Youth Protecting Youth

Defending the Dignity of All Human Life


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UVIC PRO-LIFE STUDENTS SETTLE OUT OF COURT

VICTORIA, BC – After two and a half months of consultation, the legal conflict between the University of Victoria’s pro-life club, Youth Protecting Youth (YPY), and the University of Victoria Students’ Society (UVSS) has come to a conclusion.

The legal conflict was the result of two years of discrimination and censorship, during which YPY was repeatedly denied funding that other clubs received. The situation escalated in the spring of 2010, when the UVSS refused to recognize YPY as a club, and made policy modifications that specifically targeted pro-life advocacy. YPY responded by filing a petition in the BC Supreme Court.

The case has now been settled out of court: the UVSS has recognized YPY as a club, granted it funding for the summer semester, repaid all funds wrongly withheld since fall 2008, and eliminated policy additions that had targeted pro-life advocacy. Having watched other pro-life groups face discrimination and censorship, YPY welcomes these developments that recognize the right to free speech at UVic.

“This is a great victory for YPY,” says club president Anastasia Pearse. “We interpret the UVSS’ concessions as an admission of wrongdoing, and we’re happy with the new direction it’s taking.”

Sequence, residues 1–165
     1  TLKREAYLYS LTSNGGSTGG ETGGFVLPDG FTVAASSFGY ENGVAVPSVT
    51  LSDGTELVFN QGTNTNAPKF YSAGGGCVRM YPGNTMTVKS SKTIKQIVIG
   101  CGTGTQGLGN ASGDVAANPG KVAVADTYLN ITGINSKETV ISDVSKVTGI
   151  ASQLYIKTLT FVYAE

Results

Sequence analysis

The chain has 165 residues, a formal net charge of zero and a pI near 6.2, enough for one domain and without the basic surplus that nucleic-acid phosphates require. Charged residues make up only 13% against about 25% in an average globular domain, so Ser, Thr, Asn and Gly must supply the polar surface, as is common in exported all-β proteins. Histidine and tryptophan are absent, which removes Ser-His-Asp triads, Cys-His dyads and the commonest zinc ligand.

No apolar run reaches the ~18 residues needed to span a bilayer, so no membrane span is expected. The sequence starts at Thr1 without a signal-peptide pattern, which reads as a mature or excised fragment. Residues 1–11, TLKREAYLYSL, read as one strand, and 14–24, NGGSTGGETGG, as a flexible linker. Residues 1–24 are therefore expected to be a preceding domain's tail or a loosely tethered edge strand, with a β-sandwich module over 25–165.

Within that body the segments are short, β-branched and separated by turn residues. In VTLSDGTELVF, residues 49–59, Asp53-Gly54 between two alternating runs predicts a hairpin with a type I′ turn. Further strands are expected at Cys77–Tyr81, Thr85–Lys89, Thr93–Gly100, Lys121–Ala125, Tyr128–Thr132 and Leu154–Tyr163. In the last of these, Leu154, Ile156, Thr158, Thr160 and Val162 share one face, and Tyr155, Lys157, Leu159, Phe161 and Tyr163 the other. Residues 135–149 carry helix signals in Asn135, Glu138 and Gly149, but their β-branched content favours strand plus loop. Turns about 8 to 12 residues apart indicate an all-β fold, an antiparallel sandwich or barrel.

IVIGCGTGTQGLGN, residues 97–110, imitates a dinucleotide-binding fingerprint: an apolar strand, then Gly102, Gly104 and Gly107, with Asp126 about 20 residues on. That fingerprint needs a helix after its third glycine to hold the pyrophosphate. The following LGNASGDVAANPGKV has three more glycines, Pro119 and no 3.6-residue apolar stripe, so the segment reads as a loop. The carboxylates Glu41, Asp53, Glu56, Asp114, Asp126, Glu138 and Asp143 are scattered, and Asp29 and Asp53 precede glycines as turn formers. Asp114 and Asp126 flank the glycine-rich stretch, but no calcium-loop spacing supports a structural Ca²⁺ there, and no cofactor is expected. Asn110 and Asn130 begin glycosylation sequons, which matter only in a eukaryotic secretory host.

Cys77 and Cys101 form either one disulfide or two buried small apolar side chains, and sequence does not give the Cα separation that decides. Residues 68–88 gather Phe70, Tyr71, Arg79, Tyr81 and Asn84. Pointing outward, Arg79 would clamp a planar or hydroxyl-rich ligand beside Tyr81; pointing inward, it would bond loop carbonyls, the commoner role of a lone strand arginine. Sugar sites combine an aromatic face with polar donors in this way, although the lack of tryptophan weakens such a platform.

The UVSS has also agreed to an unusual condition that allows YPY to hold the petition in abeyance indefinitely, making the process required to reinitiate legal proceedings quicker and easier, should it become necessary – a circumstance that YPY would view as regrettable. It is hoped that holding the UVSS immediately accountable will curb censorial behaviour.

Despite the free speech challenges it has faced recently, YPY remains focused on advocating for the right to life of all human beings at all stages of life, and will continue to boldly exercise its freedom of speech in proclaiming this message.

The club sincerely thanks Joseph Arvay of Arvay Finlay Barristers – who represented YPY – for his exceptional legal representation.

YPY is pleased that the BC Civil Liberties Association, which has generously acted in support of the club’s free speech, has been granted intervener status in the lawsuit, and will be intervening should the lawsuit need to be revived under the abeyance agreement.

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Press Release: Pro-Life Students take Legal Action against their Student Union

VICTORIA, B.C., May 3, 2010 ‑ Youth Protecting Youth (YPY), the University of Victoria pro‑life students’ club, today filed a petition in the BC Supreme Court initiating legal proceedings against the University of Victoria Students’ Society (UVSS).

The lawsuit seeks various court orders all to the effect that the UVSS has acted unlawfully in denying YPY club funding since September 2008, and recently upped the ante by refusing to ratify YPY as an official club for the Spring 2010 semester. In addition, the Clubs Policy has now been amended to specifically target pro‑life advocacy.

University of Victoria student, UVSS member, and YPY president, Anastasia Pearse commented:

“We have watched pro‑life student groups throughout the province, and across the country, face the stifling and discriminatory decisions of Student Societies that deny them funding or club status.